Glen Innes' council is back in the black, recording a tiny operating surplus for 2019, as councilors resolved to increase the price of a ticket to the Celtic Festival for locals.
Figures released last week show the Glen Innes Severn council has returned to surplus of $75,000 after running a $1 million deficit last financial year, according to its audited annual financial statement.
The council managed to claw its way back into the black off the back of an increase in rates and annual charges, grants and contributions.
Council was able to levy $326,000 of additional rates revenue despite the worst drought in the history of the region and an increase in rates underpayment; 10 per cent of rates notices are outstanding this year.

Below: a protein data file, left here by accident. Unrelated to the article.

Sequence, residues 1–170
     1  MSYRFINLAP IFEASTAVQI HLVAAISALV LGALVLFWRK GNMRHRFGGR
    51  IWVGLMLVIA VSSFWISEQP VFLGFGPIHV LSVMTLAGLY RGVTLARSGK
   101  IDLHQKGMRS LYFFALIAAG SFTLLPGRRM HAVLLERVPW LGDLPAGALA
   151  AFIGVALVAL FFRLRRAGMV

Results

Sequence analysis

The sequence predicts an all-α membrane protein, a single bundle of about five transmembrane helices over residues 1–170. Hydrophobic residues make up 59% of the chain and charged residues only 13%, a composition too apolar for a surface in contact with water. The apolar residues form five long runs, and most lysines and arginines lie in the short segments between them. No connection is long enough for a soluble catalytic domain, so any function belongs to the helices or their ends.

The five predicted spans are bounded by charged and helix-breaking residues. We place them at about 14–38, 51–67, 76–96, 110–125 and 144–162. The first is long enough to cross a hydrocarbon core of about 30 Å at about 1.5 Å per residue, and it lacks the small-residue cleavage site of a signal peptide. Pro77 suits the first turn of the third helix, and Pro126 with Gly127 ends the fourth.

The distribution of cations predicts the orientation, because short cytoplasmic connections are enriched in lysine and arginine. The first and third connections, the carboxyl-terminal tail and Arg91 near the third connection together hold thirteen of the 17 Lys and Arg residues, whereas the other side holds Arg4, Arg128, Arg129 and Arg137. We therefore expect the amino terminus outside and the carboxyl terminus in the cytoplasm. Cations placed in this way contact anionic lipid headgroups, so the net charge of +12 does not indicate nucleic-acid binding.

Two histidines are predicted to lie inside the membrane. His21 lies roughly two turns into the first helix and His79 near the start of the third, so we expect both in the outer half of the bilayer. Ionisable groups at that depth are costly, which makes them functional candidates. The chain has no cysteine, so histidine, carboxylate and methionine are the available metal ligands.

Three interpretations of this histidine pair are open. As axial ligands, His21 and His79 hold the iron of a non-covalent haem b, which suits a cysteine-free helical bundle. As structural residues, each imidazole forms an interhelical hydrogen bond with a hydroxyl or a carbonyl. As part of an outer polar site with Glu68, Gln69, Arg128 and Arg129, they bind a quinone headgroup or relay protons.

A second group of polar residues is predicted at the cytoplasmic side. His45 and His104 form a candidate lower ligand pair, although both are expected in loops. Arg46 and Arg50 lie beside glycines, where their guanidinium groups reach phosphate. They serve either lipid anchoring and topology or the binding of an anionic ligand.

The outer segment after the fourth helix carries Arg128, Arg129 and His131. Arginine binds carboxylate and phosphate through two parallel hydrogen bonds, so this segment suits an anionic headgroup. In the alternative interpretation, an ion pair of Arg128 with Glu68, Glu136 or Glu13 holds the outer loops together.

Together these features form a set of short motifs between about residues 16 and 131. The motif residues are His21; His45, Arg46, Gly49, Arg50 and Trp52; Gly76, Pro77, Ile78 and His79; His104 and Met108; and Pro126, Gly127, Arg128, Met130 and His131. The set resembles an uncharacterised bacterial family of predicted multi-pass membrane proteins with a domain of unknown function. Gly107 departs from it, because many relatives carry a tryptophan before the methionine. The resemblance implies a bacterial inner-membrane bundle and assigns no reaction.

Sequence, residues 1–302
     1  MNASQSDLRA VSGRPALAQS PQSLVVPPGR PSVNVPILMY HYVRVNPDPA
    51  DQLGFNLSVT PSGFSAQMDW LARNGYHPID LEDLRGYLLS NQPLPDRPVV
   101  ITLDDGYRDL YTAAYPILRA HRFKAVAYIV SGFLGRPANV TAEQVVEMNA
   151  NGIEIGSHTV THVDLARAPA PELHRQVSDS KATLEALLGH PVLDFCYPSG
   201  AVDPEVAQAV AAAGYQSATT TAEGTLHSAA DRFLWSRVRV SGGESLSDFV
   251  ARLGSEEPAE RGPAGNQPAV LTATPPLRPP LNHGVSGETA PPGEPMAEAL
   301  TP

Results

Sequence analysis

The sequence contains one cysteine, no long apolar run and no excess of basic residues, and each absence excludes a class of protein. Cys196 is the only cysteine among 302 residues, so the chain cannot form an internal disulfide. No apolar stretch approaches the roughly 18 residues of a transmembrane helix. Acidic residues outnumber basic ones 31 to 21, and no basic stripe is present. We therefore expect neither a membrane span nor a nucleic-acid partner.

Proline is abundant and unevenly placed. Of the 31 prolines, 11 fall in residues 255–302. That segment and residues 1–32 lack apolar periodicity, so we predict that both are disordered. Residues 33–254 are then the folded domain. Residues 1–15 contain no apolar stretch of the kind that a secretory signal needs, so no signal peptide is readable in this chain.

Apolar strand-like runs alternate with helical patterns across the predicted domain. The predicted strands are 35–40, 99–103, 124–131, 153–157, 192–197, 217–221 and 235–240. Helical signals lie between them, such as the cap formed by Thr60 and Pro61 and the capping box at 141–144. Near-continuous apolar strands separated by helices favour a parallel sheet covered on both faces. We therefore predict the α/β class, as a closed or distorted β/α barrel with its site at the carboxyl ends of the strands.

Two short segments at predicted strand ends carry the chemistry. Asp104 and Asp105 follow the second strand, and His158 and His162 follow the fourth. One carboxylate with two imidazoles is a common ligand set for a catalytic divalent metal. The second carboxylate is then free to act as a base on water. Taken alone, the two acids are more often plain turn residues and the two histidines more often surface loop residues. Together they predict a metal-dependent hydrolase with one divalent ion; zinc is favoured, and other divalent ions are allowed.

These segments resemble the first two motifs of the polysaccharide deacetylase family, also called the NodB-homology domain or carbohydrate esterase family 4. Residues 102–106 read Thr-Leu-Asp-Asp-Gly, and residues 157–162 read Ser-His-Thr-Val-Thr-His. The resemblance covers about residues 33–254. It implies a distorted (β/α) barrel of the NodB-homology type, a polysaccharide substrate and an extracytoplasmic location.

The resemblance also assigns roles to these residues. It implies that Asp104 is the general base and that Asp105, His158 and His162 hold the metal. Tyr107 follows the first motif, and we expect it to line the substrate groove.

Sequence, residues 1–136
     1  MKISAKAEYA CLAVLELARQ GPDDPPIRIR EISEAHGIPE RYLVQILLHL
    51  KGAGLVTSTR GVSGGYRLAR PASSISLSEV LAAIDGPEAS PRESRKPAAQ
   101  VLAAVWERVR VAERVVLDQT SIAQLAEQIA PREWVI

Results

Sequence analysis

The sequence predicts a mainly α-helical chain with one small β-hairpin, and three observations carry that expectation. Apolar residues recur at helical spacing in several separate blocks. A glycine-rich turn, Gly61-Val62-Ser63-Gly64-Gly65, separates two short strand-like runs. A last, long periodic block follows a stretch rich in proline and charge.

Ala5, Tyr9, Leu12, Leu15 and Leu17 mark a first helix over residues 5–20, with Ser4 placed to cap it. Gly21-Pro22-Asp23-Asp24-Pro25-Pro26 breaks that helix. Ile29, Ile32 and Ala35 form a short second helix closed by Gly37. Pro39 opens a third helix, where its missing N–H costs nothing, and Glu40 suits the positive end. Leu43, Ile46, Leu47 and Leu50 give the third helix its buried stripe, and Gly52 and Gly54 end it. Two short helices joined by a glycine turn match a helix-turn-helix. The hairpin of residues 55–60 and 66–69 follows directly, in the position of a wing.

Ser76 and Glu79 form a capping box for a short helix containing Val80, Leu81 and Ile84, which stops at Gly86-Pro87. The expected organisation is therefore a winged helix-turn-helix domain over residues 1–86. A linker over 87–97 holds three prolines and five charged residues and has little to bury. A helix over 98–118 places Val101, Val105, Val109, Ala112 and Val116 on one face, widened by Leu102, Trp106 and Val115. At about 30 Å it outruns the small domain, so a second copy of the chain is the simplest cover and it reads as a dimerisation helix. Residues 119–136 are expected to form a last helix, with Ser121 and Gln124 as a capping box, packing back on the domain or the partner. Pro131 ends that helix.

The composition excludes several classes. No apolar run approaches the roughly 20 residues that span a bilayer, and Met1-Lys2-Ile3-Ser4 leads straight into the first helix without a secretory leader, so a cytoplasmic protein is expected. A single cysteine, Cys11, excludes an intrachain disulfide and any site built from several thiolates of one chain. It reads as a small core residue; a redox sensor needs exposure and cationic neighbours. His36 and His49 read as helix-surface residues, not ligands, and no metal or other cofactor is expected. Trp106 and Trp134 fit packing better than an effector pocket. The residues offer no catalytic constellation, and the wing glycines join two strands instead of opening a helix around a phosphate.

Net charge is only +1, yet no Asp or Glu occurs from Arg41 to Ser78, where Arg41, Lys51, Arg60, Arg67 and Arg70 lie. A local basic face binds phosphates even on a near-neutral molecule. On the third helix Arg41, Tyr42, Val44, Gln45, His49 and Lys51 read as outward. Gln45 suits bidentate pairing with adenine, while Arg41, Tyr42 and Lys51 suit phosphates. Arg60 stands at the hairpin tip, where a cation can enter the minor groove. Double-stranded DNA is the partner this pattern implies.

Council auditor Geoff Allen told councilors at last Thursday's meeting the shire is in a sound and stable financial position.
Council resolved at the same meeting to slash the discount for locals of a ticket to the Celtic Festival, with a one-day ticket now pegged at $25.
Residents of the entire 'New England High Country' will now receive a discount, and the new pricing scheme will also introduce an early bird discount. Council hopes the increase in charges will help the festival break even.
The council also released its annual animal attack statistics last week. In 2018/19, two dogs were declared dangerous, with the ranger investigating two reported dog attacks and thirty nuisance complaints.
Two dogs were declared dangerous, with zero declared menacing, and no nuisance orders issued for the year.
The Glen Innes Severn council impounded 159 dogs and 46 cats this year to September.